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Beijing to ban tobacco smoking—again

| April 14, 2014

A draft regulation published on Friday would ban public money being used in Beijing to buy tobacco products for gifts or public functions, according to the Xinhua News Agency quoting the city’s legal affairs office.

The draft regulation on smoking control, which has been put out for public comment, would prohibit also tobacco smoking in enclosed public places, tobacco advertising and promotions, and sales from vending machines.

It is not known when the new regulations are due to be put into effect.

Xinhua noted that tobacco smoking is banned already in enclosed public places through a 2011 regulation whose enforcement is said to have been “very poor.”

EU Commission watching waterpipe use

| April 14, 2014

The EU Commission is monitoring the use of waterpipes within member states and, under the new Tobacco Products Directive, will be able to apply stricter ingredient regulations to waterpipe tobacco should there be a substantial increase in sales of this product or in its use among young people.

This was part of an answer given by the commission in response to questions from Sergio Paolo Francesco Silvestristo, an Italian member of the European Parliament.

“The nargile, also known as the tobacco water pipe, is often thought less dangerous to smoke than cigarettes,” the MEP said in a preamble to his questions. “But a study by a Mexican university has found the opposite: that the nargile poses the same risks as any other method of consuming tobacco.

“The urine of daily nargile users was found to contain nicotine metabolite levels equivalent to those in people who smoke 10 cigarettes a day, a sufficient quantity to cause addiction. Likewise nargile use influences the development of the same tumours and breathing disorders as those caused by cigarettes, with the added risk of transmission of herpes and hepatitis C. There is also a risk of carbon monoxide poisoning, partly because the average time of use ranges from 20 to 80 minutes, a period in which a quantity of smoke equivalent to 100 cigarettes can be inhaled.”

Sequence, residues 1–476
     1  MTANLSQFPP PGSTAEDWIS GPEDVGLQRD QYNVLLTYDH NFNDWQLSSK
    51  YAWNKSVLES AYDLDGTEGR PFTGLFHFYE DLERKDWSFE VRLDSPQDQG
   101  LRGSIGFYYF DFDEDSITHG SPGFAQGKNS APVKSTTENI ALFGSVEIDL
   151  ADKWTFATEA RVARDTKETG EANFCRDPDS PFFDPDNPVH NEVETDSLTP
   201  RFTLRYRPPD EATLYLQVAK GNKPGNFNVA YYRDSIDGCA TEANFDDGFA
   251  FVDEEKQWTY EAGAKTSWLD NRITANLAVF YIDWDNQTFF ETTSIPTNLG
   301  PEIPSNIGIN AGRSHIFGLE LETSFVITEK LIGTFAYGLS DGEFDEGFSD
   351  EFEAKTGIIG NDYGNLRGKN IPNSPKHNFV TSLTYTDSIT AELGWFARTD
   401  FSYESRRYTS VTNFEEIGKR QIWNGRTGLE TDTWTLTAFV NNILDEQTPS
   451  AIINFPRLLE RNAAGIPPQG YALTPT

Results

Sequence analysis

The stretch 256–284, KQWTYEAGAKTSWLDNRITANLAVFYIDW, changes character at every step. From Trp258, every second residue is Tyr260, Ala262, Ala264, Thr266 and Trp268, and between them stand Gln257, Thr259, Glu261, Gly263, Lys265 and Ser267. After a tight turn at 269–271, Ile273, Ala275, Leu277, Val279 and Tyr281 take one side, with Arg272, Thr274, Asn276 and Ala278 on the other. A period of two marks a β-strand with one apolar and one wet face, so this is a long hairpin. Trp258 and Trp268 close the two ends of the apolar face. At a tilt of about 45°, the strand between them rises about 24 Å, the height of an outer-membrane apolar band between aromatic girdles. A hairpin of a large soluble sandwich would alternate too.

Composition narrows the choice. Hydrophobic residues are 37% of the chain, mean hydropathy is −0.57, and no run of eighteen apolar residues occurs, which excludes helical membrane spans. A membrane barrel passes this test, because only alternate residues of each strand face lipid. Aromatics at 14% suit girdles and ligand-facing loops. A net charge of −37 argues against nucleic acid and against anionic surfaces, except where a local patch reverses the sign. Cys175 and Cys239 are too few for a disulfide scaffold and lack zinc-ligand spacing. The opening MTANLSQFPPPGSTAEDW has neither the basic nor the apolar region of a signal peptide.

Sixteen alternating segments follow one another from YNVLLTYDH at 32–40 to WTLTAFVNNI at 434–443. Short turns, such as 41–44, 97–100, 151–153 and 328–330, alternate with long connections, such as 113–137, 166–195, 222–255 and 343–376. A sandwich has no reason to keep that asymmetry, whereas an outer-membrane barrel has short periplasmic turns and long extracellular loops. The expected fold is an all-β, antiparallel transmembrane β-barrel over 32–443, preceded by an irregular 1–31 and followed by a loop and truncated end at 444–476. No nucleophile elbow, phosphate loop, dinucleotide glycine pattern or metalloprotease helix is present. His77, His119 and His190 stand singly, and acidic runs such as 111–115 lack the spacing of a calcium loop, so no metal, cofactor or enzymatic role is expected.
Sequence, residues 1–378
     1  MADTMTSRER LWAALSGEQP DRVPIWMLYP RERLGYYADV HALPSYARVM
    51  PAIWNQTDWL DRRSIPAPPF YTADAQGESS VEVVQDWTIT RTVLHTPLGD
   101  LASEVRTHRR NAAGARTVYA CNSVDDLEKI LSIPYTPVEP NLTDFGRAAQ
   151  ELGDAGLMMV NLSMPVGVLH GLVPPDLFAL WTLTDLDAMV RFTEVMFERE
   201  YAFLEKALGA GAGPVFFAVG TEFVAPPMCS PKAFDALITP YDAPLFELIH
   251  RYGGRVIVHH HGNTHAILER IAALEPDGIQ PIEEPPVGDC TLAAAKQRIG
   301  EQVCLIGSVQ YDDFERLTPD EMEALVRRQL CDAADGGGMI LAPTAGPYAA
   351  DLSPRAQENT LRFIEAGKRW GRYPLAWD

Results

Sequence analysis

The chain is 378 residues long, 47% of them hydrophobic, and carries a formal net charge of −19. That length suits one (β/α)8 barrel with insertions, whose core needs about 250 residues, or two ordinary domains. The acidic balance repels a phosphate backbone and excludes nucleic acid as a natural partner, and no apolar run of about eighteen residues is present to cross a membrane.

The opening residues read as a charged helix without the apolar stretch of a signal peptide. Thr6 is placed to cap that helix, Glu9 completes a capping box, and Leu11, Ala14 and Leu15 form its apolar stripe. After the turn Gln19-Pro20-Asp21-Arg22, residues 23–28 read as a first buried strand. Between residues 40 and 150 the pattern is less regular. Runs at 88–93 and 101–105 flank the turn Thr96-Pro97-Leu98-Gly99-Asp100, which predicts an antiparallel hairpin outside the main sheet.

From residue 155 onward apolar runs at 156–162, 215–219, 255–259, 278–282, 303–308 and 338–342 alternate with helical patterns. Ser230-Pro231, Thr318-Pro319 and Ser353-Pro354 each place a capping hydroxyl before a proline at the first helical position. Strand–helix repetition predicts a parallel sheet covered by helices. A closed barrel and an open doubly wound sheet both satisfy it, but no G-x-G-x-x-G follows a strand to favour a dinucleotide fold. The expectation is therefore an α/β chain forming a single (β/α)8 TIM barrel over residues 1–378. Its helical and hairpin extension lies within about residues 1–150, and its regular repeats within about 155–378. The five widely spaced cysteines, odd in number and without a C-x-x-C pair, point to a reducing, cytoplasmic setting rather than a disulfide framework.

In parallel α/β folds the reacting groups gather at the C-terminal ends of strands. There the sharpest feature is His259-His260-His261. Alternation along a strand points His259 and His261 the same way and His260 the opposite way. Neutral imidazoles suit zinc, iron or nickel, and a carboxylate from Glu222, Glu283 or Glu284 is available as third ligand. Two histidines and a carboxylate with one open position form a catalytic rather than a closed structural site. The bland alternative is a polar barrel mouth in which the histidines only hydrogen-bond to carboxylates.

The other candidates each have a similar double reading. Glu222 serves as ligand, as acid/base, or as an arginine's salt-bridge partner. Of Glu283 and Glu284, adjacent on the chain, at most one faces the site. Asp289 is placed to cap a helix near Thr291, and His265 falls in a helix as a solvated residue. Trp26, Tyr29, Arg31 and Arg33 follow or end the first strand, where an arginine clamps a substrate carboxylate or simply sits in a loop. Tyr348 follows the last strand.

Silvestristo then went on to ask: whether studies had been carried out in Europe on the consequences for human health of using the nargile; whether the commission held data on nargile use in member states; and whether there were campaigns to raise awareness about nargile use in Europe.

The commission replied that it was aware of the health consequences of waterpipe use as indicated in various scientific reviews and publications from health authorities, including the World Health Organization. “To ensure that consumers are aware of the health risks, all packages of waterpipe tobacco already today must carry text warnings,” it said in reply. “Studies on health effects have been carried out in particular in middle-East countries where the use of waterpipes has a long tradition. However, a rise in waterpipe use has also been observed in European countries including an increasing use among young people.

“This is why the revised Tobacco Products Directive which will enter into force in May has stronger provisions for these products,  including the mandatory use of large pictorial health warnings on packages and the possibility for a stricter ingredient regulation if there is a substantial increase in the sale of waterpipe tobacco or in its prevalence among young people.

“To monitor the use of waterpipes in the EU, the Commission included a question on this issue in the latest Eurobarometer survey on tobacco (2012). Furthermore, the revised Tobacco Products Directive foresees that the Commission reports on market developments and consumer preferences on waterpipe tobacco and its flavours within five years following transposition.

“While the Commission encourages Member States to inform consumers about the harmful effect of all tobacco products, it does not plan a targeted information campaign on waterpipes.”

Good growth in JT’s domestic sales

| April 14, 2014

Japan Tobacco Inc.’s domestic cigarette sales volume during March, at 12.7 billion, was increased by 30.1 percent on that of March 2013, 9.7 billion, according to preliminary figures issued by the company on Friday. The March 2013 figure was down by 3.6 percent on that of March 2012.